29-30 November 2011. Policymakers, regulators, stock exchanges, corporate governance institutes and private sector stakeholders from 16 countries came together to consider ways to strengthen corporate governance policies and practices in the region.
This publication examines the role of institutional investors in promoting good corporate governance and reviews Australia, Chile and Germany in more detail.
Participants at this conference evaluated the progress made in developing corporate governance frameworks and practices in the Middle East and North Africa and established a regional consensus about how to move forward.
A first consultative meeting of the OECD-Indonesia Policy Dialogue took place on 5 October 2011, back-to-back with the annual meeting of the Asian Roundtable on Corporate Governance. The discussion focused on enhancing disclosure of beneficial ownership and control in Indonesia.
The 2011 Asian Roundtable meeting in Bali, Indonesia, focused on challenges and reform priorities in Asia's corporate governance landscape and corporate governance developments in Indonesia.
This report looks at the institutional framework of corporate governance in China through the prism of the OECD Principles of Corporate Governance and assess a broad range of laws, regulations and codes.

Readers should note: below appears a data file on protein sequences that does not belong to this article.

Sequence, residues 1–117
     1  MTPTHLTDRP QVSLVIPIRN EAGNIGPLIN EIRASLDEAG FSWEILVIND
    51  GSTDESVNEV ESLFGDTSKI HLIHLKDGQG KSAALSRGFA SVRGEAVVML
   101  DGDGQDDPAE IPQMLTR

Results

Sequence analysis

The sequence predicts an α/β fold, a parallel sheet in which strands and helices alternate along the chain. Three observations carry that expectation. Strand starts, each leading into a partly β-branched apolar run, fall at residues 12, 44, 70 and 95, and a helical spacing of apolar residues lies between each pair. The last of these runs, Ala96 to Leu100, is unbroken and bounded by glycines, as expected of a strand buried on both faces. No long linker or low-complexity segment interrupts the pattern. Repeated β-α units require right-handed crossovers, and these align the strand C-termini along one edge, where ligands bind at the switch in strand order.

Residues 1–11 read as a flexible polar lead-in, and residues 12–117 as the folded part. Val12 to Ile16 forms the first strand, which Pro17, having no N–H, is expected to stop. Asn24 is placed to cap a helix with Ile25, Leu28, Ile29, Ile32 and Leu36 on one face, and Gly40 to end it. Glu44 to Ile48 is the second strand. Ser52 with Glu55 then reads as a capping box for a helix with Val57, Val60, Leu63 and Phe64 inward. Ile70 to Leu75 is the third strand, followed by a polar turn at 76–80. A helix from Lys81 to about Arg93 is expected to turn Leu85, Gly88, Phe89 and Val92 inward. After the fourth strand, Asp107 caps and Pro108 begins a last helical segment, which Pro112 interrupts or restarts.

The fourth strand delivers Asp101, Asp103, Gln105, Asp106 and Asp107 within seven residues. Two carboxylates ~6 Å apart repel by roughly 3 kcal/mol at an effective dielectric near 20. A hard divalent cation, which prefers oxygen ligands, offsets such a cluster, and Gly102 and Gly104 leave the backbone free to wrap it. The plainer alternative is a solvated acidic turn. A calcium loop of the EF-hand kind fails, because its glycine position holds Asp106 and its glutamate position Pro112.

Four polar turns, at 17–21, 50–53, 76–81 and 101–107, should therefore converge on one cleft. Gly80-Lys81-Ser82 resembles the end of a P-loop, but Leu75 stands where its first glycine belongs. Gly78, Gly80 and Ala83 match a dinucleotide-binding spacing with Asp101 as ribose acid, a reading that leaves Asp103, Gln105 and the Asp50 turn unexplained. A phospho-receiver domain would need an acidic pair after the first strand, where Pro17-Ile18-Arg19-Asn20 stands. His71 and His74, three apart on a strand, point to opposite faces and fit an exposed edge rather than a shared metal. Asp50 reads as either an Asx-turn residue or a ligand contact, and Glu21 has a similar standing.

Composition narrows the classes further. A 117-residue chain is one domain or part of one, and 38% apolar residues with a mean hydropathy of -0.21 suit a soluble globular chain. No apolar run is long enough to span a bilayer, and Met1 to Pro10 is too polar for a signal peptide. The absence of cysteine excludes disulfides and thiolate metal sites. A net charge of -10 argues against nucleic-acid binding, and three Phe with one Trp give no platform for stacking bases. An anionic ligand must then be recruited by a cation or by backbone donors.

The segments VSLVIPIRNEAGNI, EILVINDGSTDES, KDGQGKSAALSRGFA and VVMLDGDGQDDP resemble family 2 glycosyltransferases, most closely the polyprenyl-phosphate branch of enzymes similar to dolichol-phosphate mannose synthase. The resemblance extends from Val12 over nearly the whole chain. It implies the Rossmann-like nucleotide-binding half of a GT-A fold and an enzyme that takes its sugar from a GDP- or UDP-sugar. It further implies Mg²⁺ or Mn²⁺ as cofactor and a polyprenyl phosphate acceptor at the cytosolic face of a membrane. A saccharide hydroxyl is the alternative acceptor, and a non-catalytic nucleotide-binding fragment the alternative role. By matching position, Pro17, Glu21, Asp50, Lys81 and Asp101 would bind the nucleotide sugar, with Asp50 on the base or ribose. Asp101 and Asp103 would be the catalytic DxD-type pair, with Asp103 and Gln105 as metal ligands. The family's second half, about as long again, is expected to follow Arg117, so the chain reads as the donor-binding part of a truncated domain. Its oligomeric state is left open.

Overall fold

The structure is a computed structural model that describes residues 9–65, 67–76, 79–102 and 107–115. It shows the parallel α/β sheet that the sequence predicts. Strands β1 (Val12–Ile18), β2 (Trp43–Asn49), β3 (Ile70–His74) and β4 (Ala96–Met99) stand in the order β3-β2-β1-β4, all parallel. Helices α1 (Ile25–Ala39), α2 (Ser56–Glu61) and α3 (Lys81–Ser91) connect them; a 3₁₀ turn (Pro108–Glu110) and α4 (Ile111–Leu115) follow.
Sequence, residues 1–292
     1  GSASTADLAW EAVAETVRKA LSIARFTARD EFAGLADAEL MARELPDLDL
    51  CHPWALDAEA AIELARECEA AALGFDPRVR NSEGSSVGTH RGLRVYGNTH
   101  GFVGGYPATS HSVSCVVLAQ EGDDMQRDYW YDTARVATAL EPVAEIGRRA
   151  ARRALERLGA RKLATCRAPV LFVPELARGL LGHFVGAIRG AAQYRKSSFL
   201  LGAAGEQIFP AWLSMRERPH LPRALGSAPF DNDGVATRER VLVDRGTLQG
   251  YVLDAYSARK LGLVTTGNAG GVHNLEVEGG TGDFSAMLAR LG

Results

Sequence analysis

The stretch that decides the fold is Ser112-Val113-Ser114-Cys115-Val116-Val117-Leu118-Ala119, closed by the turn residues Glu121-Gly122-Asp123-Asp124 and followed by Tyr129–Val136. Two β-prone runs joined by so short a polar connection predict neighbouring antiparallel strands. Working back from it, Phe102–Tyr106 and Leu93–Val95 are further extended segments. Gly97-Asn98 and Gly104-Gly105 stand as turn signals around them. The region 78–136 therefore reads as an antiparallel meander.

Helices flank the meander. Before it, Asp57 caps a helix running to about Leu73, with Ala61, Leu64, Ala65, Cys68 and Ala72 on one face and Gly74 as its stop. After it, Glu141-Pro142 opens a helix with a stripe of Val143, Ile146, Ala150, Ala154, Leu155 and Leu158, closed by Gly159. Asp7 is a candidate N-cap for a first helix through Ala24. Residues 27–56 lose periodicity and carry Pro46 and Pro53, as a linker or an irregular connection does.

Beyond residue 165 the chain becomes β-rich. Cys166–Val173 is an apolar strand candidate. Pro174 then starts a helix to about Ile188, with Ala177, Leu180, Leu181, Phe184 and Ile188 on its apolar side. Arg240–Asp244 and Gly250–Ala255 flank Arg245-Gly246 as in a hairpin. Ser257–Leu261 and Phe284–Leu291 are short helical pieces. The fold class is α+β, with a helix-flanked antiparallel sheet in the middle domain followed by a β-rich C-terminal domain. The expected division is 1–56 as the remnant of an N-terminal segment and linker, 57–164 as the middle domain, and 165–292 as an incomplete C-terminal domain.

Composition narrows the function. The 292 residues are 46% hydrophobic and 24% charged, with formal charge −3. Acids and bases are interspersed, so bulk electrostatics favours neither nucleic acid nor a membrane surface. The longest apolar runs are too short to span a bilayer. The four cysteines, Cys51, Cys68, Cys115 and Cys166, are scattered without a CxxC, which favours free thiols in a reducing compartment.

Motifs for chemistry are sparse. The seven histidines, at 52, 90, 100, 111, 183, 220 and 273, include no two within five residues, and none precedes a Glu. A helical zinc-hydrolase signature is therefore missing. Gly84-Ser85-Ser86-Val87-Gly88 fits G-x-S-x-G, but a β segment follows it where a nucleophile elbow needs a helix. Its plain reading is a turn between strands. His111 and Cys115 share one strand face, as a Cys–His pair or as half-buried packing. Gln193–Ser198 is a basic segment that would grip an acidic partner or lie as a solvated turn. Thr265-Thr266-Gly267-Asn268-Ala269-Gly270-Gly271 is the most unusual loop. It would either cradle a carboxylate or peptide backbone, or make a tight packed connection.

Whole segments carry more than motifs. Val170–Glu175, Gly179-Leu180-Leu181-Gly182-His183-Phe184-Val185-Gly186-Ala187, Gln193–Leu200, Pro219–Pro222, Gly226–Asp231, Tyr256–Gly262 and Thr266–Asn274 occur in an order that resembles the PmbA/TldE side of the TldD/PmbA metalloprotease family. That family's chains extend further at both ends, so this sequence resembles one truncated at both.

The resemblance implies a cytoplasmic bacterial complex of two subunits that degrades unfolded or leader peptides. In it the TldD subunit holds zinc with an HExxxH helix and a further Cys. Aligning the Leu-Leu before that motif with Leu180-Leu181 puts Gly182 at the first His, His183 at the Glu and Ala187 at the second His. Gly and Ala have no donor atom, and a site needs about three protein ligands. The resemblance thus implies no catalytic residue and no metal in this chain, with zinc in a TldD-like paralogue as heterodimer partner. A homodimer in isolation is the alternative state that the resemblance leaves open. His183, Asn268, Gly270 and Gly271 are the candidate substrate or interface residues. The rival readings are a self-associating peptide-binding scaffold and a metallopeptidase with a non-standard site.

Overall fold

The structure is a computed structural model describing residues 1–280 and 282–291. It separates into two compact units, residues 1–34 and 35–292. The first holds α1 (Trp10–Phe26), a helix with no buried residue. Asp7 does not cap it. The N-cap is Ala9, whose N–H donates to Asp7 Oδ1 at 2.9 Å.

This meeting focused on the links between good corporate governance practices, strengthened capital markets and economic growth.
The first meeting of the Network focused on overall frameworks and priorities for SOE governance reforms in the region, challenges for improving SOE boards, and case studies of governance reforms in some of Latin America’s largest SOEs from Brazil, Chile and Colombia.
The financial crisis revealed severe shortcomings in corporate governance. When most needed, existing standards failed to provide the checks and balances that companies need in order to cultivate sound business practices.
This working paper examines the degree to which investors use their share voting rights to register their concerns with companies on corporate issues in OECD countries and Brazil. The study highlights patterns of dissent that suggest remuneration and issues of capital structure are the resolutions that attract most consistent shareholder dissent. Australia, Chile and Germany are singled out for enhanced analysis.